A methodology similar to that of Reynier et al.13 and Rusina et al.9 was used to estimate PBDE diffusion coefficients in LDPE and silicone rubber. Each film-stacking test consisted of five superimposed polymer sheets with one PBDE-spiked sheet placed in between 4 non-spiked sheets. Polymer piles were wrapped in clean aluminium foil and a pressure of 0.5–1 kg cm−2 was applied. Duplicate tests were conducted for each polymer type. Experimental contact periods of 4 and 42 hours for silicone rubber and 42 and 250 hours for LDPE spiked with the methanol[thin space (1/6-em)]:[thin space (1/6-em)]water solution were chosen based on the work of Rusina et al. (2010).9 For LDPEs spiked with hexane, experiments were run for 250 hours. At the end of the experiment, polymer sheets were separated and placed into clean glass jars for extraction. Non-spiked and PBDE-spiked sheets were analysed at the same time as those used in the assays.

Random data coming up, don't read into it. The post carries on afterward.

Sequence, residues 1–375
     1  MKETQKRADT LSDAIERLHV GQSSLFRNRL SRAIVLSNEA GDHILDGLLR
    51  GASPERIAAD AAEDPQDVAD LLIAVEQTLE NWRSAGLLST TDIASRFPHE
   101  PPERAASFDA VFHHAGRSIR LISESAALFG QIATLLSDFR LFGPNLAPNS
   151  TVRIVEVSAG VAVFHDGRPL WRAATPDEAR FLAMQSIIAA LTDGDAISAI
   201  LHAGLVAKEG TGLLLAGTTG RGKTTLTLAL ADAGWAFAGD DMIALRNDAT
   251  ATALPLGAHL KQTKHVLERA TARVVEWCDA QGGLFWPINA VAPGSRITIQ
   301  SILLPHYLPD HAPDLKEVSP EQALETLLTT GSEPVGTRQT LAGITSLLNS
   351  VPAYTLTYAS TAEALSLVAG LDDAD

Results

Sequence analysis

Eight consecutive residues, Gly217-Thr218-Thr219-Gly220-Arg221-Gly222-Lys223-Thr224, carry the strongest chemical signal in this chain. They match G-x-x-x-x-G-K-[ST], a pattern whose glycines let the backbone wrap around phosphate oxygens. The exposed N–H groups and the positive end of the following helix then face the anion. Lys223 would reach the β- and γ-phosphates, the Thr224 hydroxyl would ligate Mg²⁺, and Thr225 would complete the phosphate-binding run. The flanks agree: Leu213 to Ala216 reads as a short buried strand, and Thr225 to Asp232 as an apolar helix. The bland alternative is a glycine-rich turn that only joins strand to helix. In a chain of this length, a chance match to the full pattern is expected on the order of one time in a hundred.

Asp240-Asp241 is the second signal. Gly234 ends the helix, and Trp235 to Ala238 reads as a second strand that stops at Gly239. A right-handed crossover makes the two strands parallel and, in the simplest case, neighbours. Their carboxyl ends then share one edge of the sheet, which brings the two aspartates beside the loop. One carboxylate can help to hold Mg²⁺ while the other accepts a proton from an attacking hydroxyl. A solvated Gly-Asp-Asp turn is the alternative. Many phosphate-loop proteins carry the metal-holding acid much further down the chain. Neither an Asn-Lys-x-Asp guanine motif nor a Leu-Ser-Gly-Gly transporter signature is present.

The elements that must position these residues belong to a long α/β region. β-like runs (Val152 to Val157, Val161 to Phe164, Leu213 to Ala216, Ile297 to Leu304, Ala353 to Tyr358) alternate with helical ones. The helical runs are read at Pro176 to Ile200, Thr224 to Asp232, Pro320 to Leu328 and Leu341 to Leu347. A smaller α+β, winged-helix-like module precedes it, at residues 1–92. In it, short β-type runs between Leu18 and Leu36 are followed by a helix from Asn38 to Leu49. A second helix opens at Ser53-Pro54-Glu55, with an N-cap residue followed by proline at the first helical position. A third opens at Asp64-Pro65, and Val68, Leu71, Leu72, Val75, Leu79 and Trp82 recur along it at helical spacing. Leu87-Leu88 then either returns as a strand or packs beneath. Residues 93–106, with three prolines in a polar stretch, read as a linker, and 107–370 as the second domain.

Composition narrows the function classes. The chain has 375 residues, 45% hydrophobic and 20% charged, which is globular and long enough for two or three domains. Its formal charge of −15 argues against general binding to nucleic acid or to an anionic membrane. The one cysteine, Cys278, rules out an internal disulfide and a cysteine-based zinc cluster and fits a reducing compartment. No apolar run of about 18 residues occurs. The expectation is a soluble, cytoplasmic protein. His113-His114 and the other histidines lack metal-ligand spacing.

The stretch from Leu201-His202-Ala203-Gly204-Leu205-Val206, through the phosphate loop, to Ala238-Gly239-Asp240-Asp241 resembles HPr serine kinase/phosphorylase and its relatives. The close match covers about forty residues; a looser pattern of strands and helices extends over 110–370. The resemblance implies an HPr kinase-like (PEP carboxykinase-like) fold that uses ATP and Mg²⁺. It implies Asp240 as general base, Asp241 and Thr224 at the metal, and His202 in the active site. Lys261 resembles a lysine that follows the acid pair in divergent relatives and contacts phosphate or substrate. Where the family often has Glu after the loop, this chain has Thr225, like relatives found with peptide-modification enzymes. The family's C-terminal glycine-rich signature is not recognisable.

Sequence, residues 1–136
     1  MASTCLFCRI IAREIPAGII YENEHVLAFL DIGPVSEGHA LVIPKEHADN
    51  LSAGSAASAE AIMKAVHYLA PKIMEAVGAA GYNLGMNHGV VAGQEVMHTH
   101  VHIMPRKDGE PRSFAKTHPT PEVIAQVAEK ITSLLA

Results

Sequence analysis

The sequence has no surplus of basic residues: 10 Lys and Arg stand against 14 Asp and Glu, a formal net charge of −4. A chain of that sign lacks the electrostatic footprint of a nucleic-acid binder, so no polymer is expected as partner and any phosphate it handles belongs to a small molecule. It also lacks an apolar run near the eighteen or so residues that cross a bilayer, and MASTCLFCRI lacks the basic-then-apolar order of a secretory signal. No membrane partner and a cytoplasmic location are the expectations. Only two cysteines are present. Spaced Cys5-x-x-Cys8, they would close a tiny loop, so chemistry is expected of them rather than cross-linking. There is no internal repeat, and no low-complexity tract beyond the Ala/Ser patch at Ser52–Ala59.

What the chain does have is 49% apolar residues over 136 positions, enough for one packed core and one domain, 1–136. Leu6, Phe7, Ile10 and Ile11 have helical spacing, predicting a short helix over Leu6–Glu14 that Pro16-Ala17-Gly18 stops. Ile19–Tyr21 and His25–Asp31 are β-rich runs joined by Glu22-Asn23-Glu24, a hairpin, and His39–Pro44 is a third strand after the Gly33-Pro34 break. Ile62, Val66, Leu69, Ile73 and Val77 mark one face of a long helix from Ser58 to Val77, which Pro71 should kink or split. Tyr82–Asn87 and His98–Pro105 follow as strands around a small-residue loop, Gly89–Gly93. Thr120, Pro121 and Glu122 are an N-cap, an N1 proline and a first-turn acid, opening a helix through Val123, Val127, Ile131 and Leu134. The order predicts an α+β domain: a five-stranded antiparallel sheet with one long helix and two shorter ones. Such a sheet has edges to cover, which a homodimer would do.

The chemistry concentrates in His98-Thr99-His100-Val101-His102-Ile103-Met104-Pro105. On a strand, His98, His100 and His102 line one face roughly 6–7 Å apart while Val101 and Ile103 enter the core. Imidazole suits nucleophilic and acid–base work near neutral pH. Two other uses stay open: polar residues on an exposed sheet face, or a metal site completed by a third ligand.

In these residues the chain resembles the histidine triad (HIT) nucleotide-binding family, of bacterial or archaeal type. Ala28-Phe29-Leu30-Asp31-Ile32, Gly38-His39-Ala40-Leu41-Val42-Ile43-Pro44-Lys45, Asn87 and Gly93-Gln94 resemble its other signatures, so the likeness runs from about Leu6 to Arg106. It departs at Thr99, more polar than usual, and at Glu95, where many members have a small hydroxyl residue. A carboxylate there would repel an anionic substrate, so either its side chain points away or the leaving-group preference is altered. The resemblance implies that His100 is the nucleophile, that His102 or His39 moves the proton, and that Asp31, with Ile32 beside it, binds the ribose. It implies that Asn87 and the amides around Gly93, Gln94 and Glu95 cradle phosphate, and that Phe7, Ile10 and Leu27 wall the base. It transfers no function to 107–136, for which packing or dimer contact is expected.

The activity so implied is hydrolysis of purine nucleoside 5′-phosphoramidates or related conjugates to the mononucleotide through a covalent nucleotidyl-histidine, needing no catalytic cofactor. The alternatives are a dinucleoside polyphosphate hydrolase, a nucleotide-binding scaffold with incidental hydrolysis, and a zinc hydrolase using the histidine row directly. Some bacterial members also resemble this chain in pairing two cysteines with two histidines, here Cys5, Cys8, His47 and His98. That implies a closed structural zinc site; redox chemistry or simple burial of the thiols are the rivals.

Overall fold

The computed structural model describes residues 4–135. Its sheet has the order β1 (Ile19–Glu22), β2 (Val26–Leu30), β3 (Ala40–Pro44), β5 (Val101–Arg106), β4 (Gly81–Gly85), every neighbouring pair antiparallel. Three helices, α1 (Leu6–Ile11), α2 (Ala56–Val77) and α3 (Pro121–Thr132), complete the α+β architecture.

PBDE extraction and analysis

Extraction and analysis were performed using methods similar to those previously reported.4 Once the experiments were completed, LDPE and silicone sheets including blanks and controls were extracted individually overnight by soaking in n-pentane (25 mL) once. Recovery standards (18 ng of BDEs 119 and 181 and 50 ng of 13C-BDE 209) were added to the extraction jar after adding the n-pentane. The following day, polymer sheets were removed from the solution using clean tweezers. Samples were then reduced to 500 μL by a gentle stream of nitrogen at room temperature. Extracts were then transferred to a chromatography vial and further reduced to 200–300 μL for analysis.